Skip to 5 minutes and 23 secondsI think that-- it was a long time ago. It is indelicate, and I'll answer it this way, because we did the first one in 1998, and then it's been running every year since. So we clearly set up something that had legs, and so there have been lots of different winners in between time. A very diplomatic answer. One thing that was established was-- the original winner, the winner of the first one-- everything was debated. It's academia; of course, everything's debated. He was a PhD student at the University of Durham Oh good for him. But he's not working in the field anymore, and some people would say that his method didn't follow the rules.

Skip to 6 minutes and 2 secondsBut it wasn't very clear what the rules were in that particular topic. I suppose the fact that it's still going is evidence that this is an enduring problem. ie there hasn't been a knockout winner, and there's no cause to carry on, pack up and go home. No, it's very much because you realise the more you look into it that the big problem is with the list of senses that you're going to disambiguate between. Do you just have one money bank and one river bank? Or do you have lots of others, including banks of clouds and bullet banks? And what you tend to need-- it's quite likely you'll need a different-- we call that the list of senses, the sense inventory.

Skip to 6 minutes and 42 secondsIt's quite likely you'll need a different sense inventory for each task, so it becomes a very task-specific problem. I suppose also people approaching your competition with a system may have actually developed a different sense inventory, did you call it, themselves, so they would have the problem of soft of retooling that to work with your sense. And what might work with their sense-- I can see it's quite a complicated thing. I don't think I've ever going to enter the competition. One way that that statement to deal with the sense inventory problem is that we did have one simple task back in 1998.

Skip to 7 minutes and 17 secondsNow there's a variety of tasks, and some of them ask questions like, which of these sentences are most similar? And another approach to it is, which of them have the same translation in another language? So these are all trying to get around the difficulty of agreeing on one sense inventory. And what would people use these systems for once they're developed? Say they did produce the knock-out system. What type of applications are there, other than perhaps dictionary building? Yes, well, there are all sorts of big players who are interested.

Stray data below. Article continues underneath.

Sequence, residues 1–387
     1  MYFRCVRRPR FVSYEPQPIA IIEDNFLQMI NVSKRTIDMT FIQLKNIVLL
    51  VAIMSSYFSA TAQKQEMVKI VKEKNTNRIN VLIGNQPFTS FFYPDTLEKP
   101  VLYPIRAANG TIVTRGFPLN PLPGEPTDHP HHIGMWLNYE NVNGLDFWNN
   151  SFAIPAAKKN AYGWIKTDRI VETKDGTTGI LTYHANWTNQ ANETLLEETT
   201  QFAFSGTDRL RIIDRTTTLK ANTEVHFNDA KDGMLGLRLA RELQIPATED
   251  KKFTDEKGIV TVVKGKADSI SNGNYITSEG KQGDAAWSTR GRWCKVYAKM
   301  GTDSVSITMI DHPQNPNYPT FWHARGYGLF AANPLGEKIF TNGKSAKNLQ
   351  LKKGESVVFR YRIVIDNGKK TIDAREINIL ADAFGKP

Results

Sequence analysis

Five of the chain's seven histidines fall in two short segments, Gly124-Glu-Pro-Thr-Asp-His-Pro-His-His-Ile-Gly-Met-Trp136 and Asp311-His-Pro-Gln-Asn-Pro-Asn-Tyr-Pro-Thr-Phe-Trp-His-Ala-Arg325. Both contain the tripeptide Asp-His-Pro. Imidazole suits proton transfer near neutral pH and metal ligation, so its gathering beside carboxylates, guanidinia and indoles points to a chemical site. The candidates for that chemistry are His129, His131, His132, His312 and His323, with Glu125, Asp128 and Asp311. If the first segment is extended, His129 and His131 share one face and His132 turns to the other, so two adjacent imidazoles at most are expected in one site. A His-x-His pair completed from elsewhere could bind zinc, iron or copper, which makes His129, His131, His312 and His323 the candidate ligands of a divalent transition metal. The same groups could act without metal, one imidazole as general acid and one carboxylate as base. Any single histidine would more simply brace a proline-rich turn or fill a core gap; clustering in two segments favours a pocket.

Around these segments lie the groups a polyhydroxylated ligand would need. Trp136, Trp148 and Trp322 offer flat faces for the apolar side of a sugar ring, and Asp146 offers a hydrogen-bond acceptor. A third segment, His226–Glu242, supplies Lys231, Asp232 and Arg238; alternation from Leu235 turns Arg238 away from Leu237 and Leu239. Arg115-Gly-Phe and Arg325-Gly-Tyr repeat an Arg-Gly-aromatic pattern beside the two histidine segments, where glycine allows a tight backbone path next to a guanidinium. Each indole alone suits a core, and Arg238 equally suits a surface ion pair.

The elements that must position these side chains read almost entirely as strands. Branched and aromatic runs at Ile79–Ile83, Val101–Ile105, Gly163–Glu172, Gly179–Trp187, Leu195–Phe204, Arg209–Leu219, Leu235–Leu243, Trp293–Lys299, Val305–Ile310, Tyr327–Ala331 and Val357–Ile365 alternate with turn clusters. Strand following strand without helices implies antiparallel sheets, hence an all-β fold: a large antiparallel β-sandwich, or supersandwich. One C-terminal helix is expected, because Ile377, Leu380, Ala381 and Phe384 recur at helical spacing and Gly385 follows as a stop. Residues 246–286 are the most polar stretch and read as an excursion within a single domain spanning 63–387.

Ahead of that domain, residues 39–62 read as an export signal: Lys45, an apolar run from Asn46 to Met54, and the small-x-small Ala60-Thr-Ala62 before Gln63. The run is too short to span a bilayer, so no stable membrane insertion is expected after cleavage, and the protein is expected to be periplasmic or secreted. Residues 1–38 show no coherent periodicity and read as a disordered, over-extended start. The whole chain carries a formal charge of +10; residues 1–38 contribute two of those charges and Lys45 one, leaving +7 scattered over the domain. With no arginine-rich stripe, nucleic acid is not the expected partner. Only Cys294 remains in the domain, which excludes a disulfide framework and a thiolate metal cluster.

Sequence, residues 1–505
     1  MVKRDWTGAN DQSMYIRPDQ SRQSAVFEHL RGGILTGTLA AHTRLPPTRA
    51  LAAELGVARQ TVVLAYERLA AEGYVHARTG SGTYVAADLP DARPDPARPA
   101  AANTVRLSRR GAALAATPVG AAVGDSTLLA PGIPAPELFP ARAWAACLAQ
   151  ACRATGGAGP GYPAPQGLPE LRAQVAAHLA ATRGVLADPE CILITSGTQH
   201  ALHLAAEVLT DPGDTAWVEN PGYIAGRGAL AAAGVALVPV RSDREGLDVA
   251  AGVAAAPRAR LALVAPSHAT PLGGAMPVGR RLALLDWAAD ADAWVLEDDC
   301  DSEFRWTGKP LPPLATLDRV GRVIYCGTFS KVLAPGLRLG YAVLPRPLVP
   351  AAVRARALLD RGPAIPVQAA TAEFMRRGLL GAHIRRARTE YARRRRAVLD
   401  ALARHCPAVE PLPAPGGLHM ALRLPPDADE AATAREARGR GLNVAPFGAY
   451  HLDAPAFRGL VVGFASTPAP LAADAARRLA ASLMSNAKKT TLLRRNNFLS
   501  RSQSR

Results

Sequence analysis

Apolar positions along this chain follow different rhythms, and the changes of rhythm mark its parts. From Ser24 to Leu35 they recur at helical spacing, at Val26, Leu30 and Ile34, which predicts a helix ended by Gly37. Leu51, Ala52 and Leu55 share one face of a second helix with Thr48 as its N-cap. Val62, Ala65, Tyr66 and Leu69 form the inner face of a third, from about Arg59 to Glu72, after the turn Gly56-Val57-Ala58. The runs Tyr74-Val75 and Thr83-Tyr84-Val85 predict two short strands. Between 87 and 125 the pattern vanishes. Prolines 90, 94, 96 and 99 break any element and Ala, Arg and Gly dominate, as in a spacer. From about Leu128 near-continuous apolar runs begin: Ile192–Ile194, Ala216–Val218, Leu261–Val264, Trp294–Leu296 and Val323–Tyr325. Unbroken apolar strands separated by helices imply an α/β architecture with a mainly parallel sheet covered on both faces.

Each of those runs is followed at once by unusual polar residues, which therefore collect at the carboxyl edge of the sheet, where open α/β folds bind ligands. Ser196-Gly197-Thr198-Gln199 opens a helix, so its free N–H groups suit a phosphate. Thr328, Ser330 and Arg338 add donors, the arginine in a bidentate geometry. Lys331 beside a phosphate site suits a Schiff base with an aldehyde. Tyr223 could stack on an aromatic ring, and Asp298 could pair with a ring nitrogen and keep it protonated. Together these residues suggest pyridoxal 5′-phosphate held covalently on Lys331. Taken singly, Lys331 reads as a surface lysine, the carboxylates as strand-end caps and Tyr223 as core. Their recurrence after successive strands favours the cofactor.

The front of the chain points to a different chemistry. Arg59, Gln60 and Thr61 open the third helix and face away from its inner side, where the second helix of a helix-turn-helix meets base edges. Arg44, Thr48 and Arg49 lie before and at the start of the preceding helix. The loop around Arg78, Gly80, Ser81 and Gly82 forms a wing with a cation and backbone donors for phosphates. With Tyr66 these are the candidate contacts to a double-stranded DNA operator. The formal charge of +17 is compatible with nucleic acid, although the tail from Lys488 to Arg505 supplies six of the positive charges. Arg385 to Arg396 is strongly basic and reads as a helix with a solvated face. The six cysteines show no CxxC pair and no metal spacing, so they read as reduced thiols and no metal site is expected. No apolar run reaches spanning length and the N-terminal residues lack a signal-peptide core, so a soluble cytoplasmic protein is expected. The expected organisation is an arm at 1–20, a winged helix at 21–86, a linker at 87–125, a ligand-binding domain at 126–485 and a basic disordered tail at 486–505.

Skip to 7 minutes and 50 secondsGoogle would love to have word sense disambiguation so it could disambiguate your query to suit the-- disambiguate all the documents on the web so that they can match them up more accurately. And-- Big scale queries as well it can be helpful, so you could say what type of bank you wanted to visit. And then quite a lot their effort applies to not so much the ambiguity of ordinary English words, but the ambiguity of names as well. I mean have you got the same James Taylor here and there-- things like that. So some of the same techniques have being used, but applied to a slightly different domain of ambiguity names.

Skip to 8 minutes and 29 secondsI wonder whether this is all linked then to another major interest I think that you've have had over the years, which is in the raw data itself and the corpora because my suspicion is that not much of that work would be possible without large bodies of examples from which to draw, so corpora I'd call them. And you've done a lot of really interesting work, say for example, in areas as diverse as web as corpus I know you did a lot there. And also a lot of work on measures for comparing and contrasting corporate. So tell me a bit about that.

In conversation with Adam Kilgarriff

In this video Professor Tony McEnery speaks with the late Adam Kilgarriff about Corpus Linguistics. Adam was a pleasure to know and such was his commitment to his scholarship that he happily agreed to do this ‘in conversation’ in spite of being gravely ill. Adam’s passion for his subject shines through in this conversation. For me, as well as being a thoroughly interesting contribution, the video also stands as testament to his intellectual commitment, his vitality and the friendship that I, and many others, shared with him over the years. (Tony McEnery)

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This video is from the free online course:

Corpus Linguistics: Method, Analysis, Interpretation

Lancaster University